The idea was born from Chantiles’ experience at Bulldog Days, when he recalled searching for events identified only by building codes that were unfamiliar to him at the time. The three hope to bring the app full circle by encouraging prospective members of the class of 2020 to use it during their Bulldog Days, which runs from April 20 to 22.
“We’re Yale-centralized right now, because we’re looking to get it out by Bulldog Days,” McCormack said. “We think it could be a great test of our app to see how a huge group of students unfamiliar with the environment around them use it to experience the events around them.”
After a brief crash course in the computer science concepts necessary to construct a Web application, the team conducted user interviews and received feedback from dozens of students from a wide cross-section of the University, Lee said.
Chantiles, who had a basic foundation of computer science after taking CS50 in the fall, praised CPSC 113’s crash course, saying the class taught him how to learn computer science rather than one specific language or framework.
Once it came time to form groups for the final project, the team came together “naturally,” McCormack said. She and Lee have been friends since freshmen year, and McCormack and Chantiles met in a section for a lecture class they both took last semester.
From there, team members divvied up tasks according to each individual’s strengths. McCormack, an electrical engineering–computer science major, entered with the most programming experience, so she worked primarily on the back-end coding; Chantiles did the majority of the front-end and design work. Lee conducted user interviews, worked on customer acquisition and took the lead on the marketing effort.
“I think one reason people are like, ‘Oh, we have Facebook events, it’s a great platform,’ is because Facebook has so much user investment in it,” Lee said. “But you only see events your friends have gone to or event’s that you’re invited to … Waiv cuts that out and specializes in current events so you can see what’s going around you but in real time.”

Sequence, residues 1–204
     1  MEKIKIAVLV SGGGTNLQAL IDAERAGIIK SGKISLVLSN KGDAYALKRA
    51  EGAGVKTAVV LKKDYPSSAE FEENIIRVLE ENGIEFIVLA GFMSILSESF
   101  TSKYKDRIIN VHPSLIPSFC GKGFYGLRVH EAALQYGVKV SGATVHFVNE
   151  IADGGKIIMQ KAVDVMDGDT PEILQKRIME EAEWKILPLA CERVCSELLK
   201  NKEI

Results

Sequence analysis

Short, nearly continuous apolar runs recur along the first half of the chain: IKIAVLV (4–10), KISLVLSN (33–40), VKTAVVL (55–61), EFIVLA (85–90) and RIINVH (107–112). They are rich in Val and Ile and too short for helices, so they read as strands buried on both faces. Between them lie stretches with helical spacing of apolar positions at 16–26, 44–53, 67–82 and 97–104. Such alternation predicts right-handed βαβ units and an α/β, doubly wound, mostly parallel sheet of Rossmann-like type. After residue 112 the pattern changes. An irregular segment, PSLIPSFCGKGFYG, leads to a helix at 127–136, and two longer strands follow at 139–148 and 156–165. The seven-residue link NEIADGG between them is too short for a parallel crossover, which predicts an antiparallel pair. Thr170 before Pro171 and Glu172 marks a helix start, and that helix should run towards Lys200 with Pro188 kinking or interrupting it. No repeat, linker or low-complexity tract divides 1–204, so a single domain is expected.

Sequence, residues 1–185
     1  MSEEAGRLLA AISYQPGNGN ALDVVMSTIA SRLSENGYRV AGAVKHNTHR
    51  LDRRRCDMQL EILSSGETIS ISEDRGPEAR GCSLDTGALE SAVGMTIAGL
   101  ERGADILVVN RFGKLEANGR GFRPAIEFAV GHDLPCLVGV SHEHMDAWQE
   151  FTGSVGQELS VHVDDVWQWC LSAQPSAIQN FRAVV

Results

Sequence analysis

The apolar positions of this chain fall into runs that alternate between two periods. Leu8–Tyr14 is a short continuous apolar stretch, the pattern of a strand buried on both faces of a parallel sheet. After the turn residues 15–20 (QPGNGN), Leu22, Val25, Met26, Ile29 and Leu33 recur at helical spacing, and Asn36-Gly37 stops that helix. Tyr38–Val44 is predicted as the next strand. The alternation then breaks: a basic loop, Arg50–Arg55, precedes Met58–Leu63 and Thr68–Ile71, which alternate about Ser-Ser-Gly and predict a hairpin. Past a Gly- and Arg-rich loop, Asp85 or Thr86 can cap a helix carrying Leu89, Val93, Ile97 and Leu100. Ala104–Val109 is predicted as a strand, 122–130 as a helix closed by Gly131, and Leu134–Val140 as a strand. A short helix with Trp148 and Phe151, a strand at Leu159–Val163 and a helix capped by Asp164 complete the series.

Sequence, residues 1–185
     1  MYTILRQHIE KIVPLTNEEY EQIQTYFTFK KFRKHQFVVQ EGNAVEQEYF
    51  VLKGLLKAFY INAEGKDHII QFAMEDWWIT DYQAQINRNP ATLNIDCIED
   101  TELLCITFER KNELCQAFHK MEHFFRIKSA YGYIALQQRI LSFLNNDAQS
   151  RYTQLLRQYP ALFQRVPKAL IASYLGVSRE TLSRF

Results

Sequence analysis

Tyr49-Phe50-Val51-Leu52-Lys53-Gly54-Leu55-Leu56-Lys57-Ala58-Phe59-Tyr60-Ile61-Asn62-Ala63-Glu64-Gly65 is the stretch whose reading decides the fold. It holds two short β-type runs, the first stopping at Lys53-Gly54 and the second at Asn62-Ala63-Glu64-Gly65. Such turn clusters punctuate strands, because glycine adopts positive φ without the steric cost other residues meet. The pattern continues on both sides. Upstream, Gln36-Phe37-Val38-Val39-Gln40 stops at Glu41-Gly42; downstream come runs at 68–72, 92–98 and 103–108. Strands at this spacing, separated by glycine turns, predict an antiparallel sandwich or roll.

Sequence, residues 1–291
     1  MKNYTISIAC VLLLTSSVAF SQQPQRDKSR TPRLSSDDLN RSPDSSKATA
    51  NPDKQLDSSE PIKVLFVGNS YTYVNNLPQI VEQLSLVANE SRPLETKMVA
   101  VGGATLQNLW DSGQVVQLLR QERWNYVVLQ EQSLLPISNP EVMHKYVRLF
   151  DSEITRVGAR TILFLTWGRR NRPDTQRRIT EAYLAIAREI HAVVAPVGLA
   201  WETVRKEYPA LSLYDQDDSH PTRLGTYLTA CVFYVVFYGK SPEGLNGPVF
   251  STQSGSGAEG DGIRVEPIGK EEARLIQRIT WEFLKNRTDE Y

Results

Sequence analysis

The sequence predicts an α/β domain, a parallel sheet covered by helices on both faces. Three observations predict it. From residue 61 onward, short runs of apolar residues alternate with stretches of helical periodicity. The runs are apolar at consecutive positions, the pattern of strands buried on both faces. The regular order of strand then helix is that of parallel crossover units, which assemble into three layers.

Adding that Waiv works only if users buy into it, Lee said she hopes users see the app’s convenience.
Once the class concludes, the team is looking forward to adding new features, such as user profiles, the ability to import events from Facebook, “can’t miss” events and push notifications.
The group has even discussed the possibility of adding a feature that allows users to conduct polls.
“If the team applies themselves with the same level of focus and passion as they’ve been doing so far, the app will go far,” Koh said. “Apps like this depend on tenacity and perseverance for success … College events apps are super cool when you are doing them in school, because not having FOMO is the most important thing in the world as a college student. But after you leave school, you realize you want to solve other problems, like helping adults do adult things like file taxes. You outgrow the idea of eradicating FOMO. But if Waiv is passionate and resilient, it can go far.”
Users can download Waiv from the Apple App Store or the Android Play Store on Friday, April 22.